st. mark’s bookshop
The St. Mark’s Bookshop has made it official: after nearly 40 years in business, the beloved East Village bookstore will close for good at the end of the week.
If things had gone as planned, the St. Mark’s Bookshop would’ve been closed for good by now. But the store has received a stay of execution and is still holding out, selling off its books at half-price while hoping for a miracle– or at least more investors to join the two who have already stepped up. Still, with new information surfacing about the plan for a St. Mark’s redux, it’s not looking good. Asked how long he thought the store had, owner Bob Contant guessed, “We might be here until the end of the month.”
A lawyer for the struggling St. Mark’s Bookshop tells us “they’re probably not going to be around much longer, we’re talking days.” Since we last reported on the shop’s fight against eviction in the face of $62,000 in back rent, its problems have only mounted in the form of a $34,400 tax lien and a dispute with one of its biggest book distributors involving thousands more dollars in debt. Yesterday, the shop announced a “clearance sale” in a last-ditch effort to raise money before a forthcoming auction.
The St. Mark’s Bookshop has now officially announced what we broke news of two weeks ago — that it’s facing eviction by the New York City Housing Authority. In an email sent yesterday, co-owner Bob Contant asks followers to donate money so that the troubled shop can restock its shelves, get an interested investor to take over its lease, and fulfill the terms of a settlement with the city. So far, a crowdfunding campaign has raised just over $21,800 of the desired $150,000.
But don’t fire up that “print is dead” thought piece just yet. While things look pretty dire for the Bookshop, its East Village neighbor, Strand Book Store, is touting its best holiday season ever, and has announced that yearly traffic was up by 30,000 people.
After a hopeful move to a new location, the beleaguered St. Mark’s Bookshop is once again in danger of closing due to a dispute with its landlord. This time, it’s facing possible eviction by the New York City Housing Authority, which alleges that the beloved bookshop owes over $62,000 in rent.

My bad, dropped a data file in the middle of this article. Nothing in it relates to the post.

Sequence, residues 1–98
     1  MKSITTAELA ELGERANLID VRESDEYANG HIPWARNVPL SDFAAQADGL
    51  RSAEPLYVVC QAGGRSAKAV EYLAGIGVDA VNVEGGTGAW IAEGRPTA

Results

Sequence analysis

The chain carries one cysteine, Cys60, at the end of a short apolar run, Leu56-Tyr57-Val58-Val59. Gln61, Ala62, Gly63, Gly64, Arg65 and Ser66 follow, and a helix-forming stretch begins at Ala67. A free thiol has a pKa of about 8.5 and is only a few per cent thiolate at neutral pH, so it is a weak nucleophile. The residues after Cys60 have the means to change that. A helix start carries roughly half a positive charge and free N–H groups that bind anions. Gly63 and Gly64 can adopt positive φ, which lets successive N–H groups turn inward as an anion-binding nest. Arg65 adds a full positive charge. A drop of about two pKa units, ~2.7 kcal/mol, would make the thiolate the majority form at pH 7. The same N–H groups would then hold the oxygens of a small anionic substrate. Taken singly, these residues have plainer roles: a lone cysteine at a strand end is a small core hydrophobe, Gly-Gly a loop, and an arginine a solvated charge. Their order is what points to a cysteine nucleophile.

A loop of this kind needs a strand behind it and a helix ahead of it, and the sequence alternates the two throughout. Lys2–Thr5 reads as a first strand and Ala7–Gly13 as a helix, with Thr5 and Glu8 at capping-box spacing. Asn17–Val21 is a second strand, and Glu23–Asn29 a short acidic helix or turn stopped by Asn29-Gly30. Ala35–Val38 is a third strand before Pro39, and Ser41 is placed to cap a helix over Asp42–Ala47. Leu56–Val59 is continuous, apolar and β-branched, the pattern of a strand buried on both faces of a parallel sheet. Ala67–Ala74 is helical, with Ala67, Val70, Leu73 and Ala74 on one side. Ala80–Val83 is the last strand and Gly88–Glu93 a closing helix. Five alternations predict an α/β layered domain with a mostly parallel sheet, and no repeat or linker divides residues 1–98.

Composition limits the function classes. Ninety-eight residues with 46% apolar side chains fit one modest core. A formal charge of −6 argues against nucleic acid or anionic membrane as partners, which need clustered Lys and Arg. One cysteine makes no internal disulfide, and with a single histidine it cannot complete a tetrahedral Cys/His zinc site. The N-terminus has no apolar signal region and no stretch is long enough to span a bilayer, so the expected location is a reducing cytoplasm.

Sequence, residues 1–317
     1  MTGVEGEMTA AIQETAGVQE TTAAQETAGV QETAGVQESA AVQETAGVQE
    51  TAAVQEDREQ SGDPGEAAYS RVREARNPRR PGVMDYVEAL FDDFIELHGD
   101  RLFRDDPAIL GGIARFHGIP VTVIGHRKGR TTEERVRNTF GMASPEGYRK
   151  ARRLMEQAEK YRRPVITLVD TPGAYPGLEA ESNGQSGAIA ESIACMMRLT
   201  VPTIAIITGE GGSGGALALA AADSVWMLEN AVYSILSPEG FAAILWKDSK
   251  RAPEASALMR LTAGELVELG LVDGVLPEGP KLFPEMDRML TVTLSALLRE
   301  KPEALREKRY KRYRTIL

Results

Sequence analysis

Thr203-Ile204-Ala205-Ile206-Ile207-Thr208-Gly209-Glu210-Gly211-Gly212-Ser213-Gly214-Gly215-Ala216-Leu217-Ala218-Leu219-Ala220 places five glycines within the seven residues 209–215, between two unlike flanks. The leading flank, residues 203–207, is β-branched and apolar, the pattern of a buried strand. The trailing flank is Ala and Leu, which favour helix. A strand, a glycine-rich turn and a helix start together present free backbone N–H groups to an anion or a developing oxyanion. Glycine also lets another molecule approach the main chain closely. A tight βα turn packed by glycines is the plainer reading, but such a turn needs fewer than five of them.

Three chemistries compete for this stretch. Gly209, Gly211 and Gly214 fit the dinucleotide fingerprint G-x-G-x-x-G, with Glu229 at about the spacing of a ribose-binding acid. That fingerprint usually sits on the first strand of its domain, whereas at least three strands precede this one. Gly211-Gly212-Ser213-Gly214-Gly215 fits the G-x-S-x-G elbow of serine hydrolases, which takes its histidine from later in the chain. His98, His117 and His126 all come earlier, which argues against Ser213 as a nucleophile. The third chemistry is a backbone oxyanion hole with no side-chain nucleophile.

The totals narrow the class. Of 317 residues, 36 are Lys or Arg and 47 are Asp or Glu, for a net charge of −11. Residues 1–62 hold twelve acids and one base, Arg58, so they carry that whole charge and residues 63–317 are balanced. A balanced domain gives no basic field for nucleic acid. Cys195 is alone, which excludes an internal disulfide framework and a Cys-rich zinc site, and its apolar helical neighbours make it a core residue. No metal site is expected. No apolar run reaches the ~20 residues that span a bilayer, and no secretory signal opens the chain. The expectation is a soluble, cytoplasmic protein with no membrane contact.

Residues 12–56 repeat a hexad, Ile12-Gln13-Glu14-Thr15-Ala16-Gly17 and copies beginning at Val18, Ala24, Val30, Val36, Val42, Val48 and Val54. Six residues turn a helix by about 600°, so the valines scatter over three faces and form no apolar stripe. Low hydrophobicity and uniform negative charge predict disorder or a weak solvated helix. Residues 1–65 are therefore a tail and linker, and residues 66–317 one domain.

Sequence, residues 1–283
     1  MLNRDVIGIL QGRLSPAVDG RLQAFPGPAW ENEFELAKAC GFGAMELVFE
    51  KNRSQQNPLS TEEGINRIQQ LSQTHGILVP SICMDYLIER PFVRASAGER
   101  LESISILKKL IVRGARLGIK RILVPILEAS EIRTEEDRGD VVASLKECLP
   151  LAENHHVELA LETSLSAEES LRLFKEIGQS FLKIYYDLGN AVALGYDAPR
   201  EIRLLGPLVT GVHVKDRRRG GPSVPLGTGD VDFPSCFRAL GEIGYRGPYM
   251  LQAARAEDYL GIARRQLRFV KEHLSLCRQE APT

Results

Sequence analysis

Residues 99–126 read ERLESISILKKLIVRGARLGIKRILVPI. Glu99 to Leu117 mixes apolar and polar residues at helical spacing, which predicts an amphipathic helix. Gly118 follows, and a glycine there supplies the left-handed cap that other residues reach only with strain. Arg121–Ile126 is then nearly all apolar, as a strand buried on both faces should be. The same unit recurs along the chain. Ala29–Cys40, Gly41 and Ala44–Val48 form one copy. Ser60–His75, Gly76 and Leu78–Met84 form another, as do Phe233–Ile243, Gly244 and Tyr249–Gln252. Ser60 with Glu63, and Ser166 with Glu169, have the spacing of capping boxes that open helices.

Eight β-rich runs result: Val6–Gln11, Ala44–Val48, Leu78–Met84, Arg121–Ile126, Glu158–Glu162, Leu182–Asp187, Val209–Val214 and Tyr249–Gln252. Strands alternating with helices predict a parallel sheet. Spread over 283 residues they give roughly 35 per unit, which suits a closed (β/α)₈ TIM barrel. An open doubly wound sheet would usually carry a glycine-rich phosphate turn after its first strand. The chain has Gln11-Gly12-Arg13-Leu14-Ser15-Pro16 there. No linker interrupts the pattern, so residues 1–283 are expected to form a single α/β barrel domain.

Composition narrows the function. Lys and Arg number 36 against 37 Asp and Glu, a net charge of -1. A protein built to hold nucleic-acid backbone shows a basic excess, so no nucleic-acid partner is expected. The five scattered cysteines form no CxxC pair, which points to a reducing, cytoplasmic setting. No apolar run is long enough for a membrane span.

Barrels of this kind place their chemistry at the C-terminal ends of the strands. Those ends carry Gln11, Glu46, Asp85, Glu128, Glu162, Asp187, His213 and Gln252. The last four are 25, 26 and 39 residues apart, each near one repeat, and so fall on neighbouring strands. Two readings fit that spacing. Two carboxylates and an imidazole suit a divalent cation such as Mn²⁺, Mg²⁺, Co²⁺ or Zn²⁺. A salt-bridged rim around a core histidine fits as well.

Interested in owning a piece of the new St. Mark’s Bookshop? Now might just be your chance. In another call-for-help email sent out earlier today, owner Bob Contant made a public appeal for support to help fund the “rebirth of the bookstore.”
The Sellout, the latest novel by satirist Paul Beatty (The White Boy Shuffle), takes on some pretty big themes; it challenges “the sacred tenets of the United States Constitution, urban life, the civil rights movement, the father-son relationship, and the holy grail of racial equality–the black Chinese restaurant,” according to the blurb on the website for St. Mark’s Bookshop, where Beatty will read from his novel tonight. Evidently you don’t have to read much of The Sellout to be hooked; a New York Times review stated it contains “the most caustic and the most badass first 100 pages of an American novel I’ve read in at least a decade.” April 14 at 7 p.m. St. Mark’s Bookshop, 136 East Third Street (East Village).
After a spate of setbacks and slowdowns, St. Mark’s Bookshop has reopened in its new digs at 136 East Third Street. It’s the beloved book store’s fourth iteration since opening in the East Village in 1977. It had been at its previous spot off of Third Avenue since 1992.
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The St. Mark’s Bookshop had hoped to open in its new digs “a few days” after its lease expired at Third Avenue on July 1. Now, after a brief delay, it has dropped an exact date.
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“The store has been for rent for a year,” said Liddell, adding that from her count, the landlord has been through at least three realtors. “No one has rented the space. So we’re here until we’re not. We’re not going anywhere until something happens and that’s the truth.”
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